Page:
The ultrasonic soldering method can be easily performed manually with handheld ultrasonic soldering iron equipment or grafted onto ultrasonic soldering machines and assembly lines.
Glass, ceramic, stainless steel, aluminum soldering
During years of extensive research into glass-to-metal bonding, Japanese engineers developed a special solder alloy called CERASOLZER (solder wire). This active solder alloy is specially formulated to work with ultrasonic soldering methods. It has a unique bonding ability that can replace the commonly used silver baking, indium brazing, molybdenum-manganese and resin bonding methods.CERASOLZER Chemical Bonding (Glass Substrates) In addition to direct metal-to-metal bonding, Cerasolzer also forms a strong chemical bond with the substrate to which it is soldered. The alloy consists of the same primary components, just like a standard solder alloy (lead/tin). It contains small amounts of zinc, titanium, silicon, aluminum, beryllium, rare earth, etc., which have a strong chemical affinity for oxygen.
During the soldering process, these additional elements combine with the surrounding oxygen to form an oxide that is chemically bonded to various materials, including glass, ceramics, aluminum, stainless steel, conductive oxides and many other substrates previously considered non-weldable. The resulting oxide binds to the weld substrate and forms a powerful chemical bond (RO) at the interface.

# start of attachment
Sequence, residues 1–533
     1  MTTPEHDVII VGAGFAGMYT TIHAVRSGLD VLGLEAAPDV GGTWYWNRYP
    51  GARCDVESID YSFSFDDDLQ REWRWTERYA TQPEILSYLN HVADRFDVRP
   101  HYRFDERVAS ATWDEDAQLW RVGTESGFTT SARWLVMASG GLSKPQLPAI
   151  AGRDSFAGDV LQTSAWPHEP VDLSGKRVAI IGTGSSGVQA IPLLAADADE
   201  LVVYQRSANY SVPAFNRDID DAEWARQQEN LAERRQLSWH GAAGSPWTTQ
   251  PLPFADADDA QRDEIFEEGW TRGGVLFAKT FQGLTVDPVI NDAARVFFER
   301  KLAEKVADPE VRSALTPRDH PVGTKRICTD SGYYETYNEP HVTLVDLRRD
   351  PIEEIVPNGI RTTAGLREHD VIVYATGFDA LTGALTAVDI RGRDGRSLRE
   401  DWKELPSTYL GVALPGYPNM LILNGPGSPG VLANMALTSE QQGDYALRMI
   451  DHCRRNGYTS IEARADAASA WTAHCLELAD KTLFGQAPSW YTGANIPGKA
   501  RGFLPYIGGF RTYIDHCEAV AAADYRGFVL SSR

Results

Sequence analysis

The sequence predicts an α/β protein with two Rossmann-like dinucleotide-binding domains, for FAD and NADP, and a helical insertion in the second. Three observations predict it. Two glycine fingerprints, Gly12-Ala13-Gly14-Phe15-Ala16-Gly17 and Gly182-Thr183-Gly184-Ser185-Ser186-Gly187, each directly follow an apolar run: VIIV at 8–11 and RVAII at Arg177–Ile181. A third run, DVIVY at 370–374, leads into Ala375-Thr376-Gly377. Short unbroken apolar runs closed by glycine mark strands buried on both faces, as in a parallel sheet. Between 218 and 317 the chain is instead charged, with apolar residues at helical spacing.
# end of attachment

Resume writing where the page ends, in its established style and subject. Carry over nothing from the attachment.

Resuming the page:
Therefore, if oxygen is virtually eliminated by replacing the air around the bonding equipment with an inert gas (e.g. nitrogen), the adhesion of Cerasolzer will be lost. The results show that a suitable critical oxygen concentration for bonding is around 2%. The melting temperature of Cerasolzer alloys is between 155 ~ 297°C, and the welding method is flux-free due to ultrasonic vibrations. Our ultrasonic welding method should not be used because if the flux is used, it will break the oxygen bond and destroy the whole welding process.
Ultrasonic soldering iron applications
- Glass jewellery manufacturing
- Optical glasses coating/metallization